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Product: Book - Hardcover
Title: The Dark Side Sourcebook (Star Wars Roleplaying Game)
Publisher: Wizards of the Coast
Authors: Bill Slavicsek, J.D. Wiker
Rating: 4/5
Customer opinion - 4 stars out of 5
Generally great, but some embarrassing flaws


The Dark Side Sourcebook is largely for a gamemaster who wants to produce serious villains, or for someone who wants to run a Dark Side campaign. It contains all the tools necessary for either of these tasks, including a load of very powerful prestige classes (including the mighty Sith Lord) and jaw-dropping items (including the Sith Talisman and Orbalisk Armor). There is also included the requisite gallery of known baddies, and some monsters that will pose an extreme challenge for even the most powerful heroes.
There are only a few problems with this book. Let's start with the most obvious one: the lack of a sourcebook for the ancient eras where Dark Jedi ran rampant. Most of the prestige classes, items, ships, and individuals mentioned in this book are exclusively available in that time period, so this absence is significant. This can be addressed soon, however, and is not one of the 'embarrassing flaws' I mentioned. The charts for the prestige classes have odd discrepancies in convention that seem to be a halfway point between the original and revised core rulebooks. For example, reputation is either noted as ever-increasing or a series of +1 and +0s, and lightsaber damage is listed as +1d8 +1d8 +1d8 ... +2d8 rather than 'increase lightsaber damage.'
Some other gamemasters might have noticed another interesting problem. The Sith Lord prestige class has 10 levels, but it is impossible to become a 10th level Sith Lord (I'm assuming a 'non-epic' campaign here). The reason for this being that the class requires a reputation of 10, and it is impossible to get that in 10 levels. A more obvious problem is with the Emperor's Hand prestige class, since there can only be one Emperor's Hand. This rather limits the potential of the class, does it not?
Of course, the gamemaster is by no means held to obey the whims of this sourcebook. I simply threw out what I thought was unreasonable and went on with the game. Though I generally found the book to be a worthwhile investment of time and money, it could have been far more satisfying with a bit of improvement in the range of options available. This especially applies to campaigns run in the Rebellion Era which, let's face it, is the only really FUN era to run in!



Product: Book - Paperback
Title: MCSE Windows XP Professional Exam Cram 2 (Exam Cram 70-270)
Publisher: Que
Authors: Dan Balter, Derek Melber, Ed Tittel
Rating: 5/5
Customer opinion - 5 stars out of 5
Packed with useful info


This is my first Exam Cram book. It's packed with useful information, so much so that I read it twice. It's not only valuable for the taking the exam, I think it'll serve as a useful reference tool as well.
The book starts out with some very useful info about the certification exam. The practice questions throughout the book are great for checking comprehension before moving on to the next section. And the sample test and CD work well for exam preparation. The only challenge is absorbing everything in the book.
I haven't read any other exam preparation books on XP Pro to compare this to. I don't see any reason to.



Product: Book - Paperback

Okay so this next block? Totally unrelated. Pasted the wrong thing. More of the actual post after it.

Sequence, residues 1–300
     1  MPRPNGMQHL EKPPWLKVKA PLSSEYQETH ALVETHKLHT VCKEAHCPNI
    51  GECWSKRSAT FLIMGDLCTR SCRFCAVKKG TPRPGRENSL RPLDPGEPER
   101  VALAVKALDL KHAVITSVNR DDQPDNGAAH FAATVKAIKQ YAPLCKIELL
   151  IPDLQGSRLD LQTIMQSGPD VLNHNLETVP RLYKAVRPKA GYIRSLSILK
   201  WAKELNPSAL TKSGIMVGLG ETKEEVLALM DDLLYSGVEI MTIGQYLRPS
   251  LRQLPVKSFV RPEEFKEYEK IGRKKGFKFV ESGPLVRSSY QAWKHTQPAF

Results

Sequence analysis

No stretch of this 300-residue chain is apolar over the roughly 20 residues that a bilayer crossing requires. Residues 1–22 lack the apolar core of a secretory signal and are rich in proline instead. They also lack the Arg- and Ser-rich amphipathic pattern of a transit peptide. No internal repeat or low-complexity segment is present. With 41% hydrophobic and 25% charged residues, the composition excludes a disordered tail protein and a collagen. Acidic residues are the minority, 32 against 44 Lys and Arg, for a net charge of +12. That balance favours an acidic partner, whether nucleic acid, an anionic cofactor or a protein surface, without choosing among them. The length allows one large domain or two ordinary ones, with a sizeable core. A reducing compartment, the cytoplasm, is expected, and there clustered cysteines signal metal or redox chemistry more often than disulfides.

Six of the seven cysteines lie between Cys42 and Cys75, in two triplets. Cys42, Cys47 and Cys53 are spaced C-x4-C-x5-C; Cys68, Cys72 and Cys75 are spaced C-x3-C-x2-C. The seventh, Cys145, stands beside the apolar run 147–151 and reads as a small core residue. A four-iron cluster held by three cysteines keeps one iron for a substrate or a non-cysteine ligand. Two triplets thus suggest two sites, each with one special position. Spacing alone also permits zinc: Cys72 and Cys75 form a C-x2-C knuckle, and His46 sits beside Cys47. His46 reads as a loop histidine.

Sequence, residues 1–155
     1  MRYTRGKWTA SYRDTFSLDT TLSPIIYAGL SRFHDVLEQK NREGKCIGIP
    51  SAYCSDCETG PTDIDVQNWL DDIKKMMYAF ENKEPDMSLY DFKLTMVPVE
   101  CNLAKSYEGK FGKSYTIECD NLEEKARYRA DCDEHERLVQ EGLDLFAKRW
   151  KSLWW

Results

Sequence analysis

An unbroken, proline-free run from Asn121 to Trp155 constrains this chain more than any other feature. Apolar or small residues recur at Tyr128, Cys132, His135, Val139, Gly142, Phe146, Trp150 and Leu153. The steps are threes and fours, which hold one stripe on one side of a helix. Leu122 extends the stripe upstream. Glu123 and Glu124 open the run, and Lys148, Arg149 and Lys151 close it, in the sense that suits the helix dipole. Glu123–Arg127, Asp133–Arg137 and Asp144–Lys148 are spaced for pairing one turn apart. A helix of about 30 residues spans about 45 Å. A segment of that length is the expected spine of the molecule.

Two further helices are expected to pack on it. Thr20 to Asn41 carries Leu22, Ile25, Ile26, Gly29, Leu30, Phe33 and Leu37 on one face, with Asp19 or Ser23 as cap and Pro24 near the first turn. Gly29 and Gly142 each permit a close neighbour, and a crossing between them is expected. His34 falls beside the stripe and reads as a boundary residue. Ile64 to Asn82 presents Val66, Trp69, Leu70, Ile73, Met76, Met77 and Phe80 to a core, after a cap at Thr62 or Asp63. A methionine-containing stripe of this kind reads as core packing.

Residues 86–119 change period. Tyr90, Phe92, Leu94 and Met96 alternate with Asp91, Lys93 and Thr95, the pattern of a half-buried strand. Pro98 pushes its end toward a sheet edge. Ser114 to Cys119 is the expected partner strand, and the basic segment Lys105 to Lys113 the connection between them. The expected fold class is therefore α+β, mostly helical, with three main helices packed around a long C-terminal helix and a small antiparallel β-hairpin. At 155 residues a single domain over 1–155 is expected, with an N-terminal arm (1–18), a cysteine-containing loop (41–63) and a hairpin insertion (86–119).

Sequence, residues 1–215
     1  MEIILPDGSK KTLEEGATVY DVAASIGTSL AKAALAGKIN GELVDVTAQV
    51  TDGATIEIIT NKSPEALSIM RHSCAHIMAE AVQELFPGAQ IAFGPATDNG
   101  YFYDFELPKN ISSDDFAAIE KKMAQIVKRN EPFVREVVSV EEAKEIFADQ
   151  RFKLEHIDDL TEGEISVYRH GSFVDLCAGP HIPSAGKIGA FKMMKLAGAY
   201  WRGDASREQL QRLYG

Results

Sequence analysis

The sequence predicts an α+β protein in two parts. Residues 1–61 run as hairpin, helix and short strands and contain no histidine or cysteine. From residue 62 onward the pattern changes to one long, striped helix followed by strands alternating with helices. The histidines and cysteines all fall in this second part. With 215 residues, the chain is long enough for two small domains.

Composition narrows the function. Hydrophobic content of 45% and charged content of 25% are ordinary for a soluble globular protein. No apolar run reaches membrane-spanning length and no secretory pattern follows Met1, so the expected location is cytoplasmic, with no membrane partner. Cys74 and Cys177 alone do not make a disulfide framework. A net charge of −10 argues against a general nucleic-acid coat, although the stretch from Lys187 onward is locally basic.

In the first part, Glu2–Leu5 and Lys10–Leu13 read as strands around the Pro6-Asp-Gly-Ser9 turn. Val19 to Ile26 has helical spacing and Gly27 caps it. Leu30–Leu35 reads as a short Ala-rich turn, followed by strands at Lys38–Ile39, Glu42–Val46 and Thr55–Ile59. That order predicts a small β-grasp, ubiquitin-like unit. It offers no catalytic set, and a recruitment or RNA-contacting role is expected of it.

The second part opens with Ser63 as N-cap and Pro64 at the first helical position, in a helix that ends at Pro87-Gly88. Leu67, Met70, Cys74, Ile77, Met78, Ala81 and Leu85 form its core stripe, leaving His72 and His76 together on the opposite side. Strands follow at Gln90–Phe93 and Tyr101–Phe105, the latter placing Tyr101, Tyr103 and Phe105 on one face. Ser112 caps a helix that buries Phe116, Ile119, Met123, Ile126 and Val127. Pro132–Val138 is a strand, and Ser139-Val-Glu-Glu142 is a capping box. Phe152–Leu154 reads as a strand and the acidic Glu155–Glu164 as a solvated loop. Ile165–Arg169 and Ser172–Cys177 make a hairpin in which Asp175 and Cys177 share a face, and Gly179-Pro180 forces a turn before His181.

Title: Murach's Beginning Visual Basic .NET
Publisher: Mike Murach & Associates
Authors: Anne Prince
Rating: 1/5
Customer opinion - 1 stars out of 5
Do NOT buy this book!


This author is TERRIBLE at trying to teach VB.NET. I don't know about his other books, but I will NEVER buy one of them again! He makes too many assumptions that you already know a lot about VB.NET. His "example" coding is horrible. I have some programming experience (although it is somewhat dated) but he gives about a paragraph or two to the topic, then writes a little piece of code, then sums it all up and expects you to be an expert at it. I need a sample of the code and how it works, not just the line it goes in. I would highly recommend you keep looking and NOT buy this terrible book!



Product: Book - Paperback
Title: Introduction to 3D Game Programming with DirectX 9.0
Publisher: Wordware Publishing, Inc.
Authors: Frank D. Luna
Rating: 5/5
Customer opinion - 5 stars out of 5
One of the better DX9 books I've seen


I like the way this book is written. It is a good introduction for people who know how to program, but have not done any Direct3D development before. The book is written in a very straightforward and almost scientific manner. This book does not assume the reader to be a complete beginner when it comes to many programming topics like so many other DX9 books do (even though they often claim they don't).
This book simply covers the fundamental Direct3D topics as well as a bit of math, and it does so from the ground up as far as the DX API goes. Most of the samples are done soup to nuts, rather than using helper methods and API sample code that simplifies things a lot, but keeps too many details from the reader (once again: like so many other DX9 books seem to do).
I like the focus of the book: It simply only describes Direct 3D graphics programming. Other DirectX topics, such as DirectPlay or DirectInput are NOT covered. Also, if you do not know what a game-loop is, then you won't learn it here. I think this is one of the things I like most about this book: It focuses on one topic, and it does a great job at that!
But a small warning is in order as well: If you are not an experienced programmer and just want to get started with game development, then this book is NOT for you! Quite simply, many aspects of 3d graphics development are not for the faint of heart! Don't expect this book to read like a novel either. It is very much a DX9 text book.